‘Myanmar refugees given voting authority’ – UNHCR alert

KUALA LUMPUR – The office of the United Nations High Commissioner for Refugees (UNHCR) has expressed its concern over news reports which claim that its ongoing exercise to register Myanmar asylum-seekers in Malaysia is actually a front for registering ‘foreign voters’ for the upcoming general election.
The international aid body has reacted with alarm over the reports, which allege, among others, that more than 10,000 Myanmar nationals at the KLFA Stadium in Cheras were being registered as Malaysians, on the condition that they were Muslim.
The same reports claim that the thousands of asylum-seekers were not only being given Permanent Resident (PR) status but permanent citizenship by the Malaysian government, thus enabling them to vote in the general elections.
This was the gist of the reports published by pro-Opposition news portals Harakah Daily and Keadilan Daily.
UNHCR representatives in Malaysia have denied the reports, and stressed that the data-gathering process is part of the aid body’s ongoing effort to register the asylum seekers in the country.
WAITING: Asylum-seekers seen loitering at the area outside the gathering hall. Some were seen trying to enter the hall but was turned away due to overcrowding.UNHCR spokesperson Yante Ismail said that they were alerted to the reports and moved quickly to issue a statement clarifying the issue.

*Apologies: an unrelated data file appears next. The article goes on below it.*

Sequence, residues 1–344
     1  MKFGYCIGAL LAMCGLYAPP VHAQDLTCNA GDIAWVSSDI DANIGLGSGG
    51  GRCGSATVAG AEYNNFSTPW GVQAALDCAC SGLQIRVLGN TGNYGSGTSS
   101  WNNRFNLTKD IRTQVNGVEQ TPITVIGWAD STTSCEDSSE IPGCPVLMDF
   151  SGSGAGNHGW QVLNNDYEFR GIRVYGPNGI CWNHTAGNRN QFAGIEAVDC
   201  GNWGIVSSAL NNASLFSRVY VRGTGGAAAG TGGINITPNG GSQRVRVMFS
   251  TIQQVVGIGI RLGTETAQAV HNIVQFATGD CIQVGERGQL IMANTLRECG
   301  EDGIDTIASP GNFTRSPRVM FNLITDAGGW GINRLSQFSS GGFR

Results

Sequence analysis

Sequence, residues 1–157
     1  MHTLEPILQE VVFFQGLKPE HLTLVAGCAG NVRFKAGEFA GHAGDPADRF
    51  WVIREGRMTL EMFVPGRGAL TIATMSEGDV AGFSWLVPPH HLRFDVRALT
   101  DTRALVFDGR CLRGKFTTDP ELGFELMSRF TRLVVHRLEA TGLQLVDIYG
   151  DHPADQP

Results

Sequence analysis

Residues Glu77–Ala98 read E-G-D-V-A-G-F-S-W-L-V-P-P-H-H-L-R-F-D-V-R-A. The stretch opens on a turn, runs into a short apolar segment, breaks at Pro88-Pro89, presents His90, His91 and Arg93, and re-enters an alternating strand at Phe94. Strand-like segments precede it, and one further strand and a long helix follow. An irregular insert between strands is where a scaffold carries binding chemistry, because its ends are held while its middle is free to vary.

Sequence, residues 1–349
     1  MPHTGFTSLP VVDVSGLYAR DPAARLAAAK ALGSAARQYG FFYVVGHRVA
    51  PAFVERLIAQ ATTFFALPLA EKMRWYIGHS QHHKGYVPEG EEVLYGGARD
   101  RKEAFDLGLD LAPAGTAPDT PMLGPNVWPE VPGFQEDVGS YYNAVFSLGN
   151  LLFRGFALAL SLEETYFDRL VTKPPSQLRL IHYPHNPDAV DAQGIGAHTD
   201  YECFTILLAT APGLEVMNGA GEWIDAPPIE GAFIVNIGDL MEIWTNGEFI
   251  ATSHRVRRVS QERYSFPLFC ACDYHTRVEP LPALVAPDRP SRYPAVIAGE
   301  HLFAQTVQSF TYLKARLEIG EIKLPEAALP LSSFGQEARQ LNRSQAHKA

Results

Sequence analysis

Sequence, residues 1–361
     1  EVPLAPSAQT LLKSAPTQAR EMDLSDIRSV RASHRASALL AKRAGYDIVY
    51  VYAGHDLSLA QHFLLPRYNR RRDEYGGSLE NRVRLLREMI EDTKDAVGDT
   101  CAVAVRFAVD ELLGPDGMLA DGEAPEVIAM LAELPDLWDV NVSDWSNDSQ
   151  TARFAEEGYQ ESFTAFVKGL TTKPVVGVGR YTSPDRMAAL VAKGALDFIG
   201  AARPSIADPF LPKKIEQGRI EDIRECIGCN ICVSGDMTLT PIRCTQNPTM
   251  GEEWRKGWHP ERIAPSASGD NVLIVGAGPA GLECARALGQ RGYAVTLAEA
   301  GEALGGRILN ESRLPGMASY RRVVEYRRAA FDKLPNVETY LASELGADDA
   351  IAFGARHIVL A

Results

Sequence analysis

“We have already sent the statement to Harakah andKeadilan Daily, but it amazes me that they did not choose to carry the statement. We sent it and asked them to rectify it (their reports) but they did not bother to correct it,” she told Malaysian Digest.
Yanti said she was taken aback at the reports, as the claims have no basis whatsoever.
“I was alarmed at this and I hope that this can be corrected,” she said.
Yanti had earlier explained that UNHCR was conducting a data-gathering exercise of unregistered asylum-seekers from the Rohingya, Myanmar Muslim, and Myanmar Tamil groups from Myanmar.
During the exercise, UNHCR would be gathering basic biodata and contact information of these communities.
“This is to assist UNHCR in our future programmatic planning, including future registration exercises. For planning purposes, UNHCR needs to know who the unregistered asylum-seekers are in the country, and data-gathering exercises such as this helps us to know this.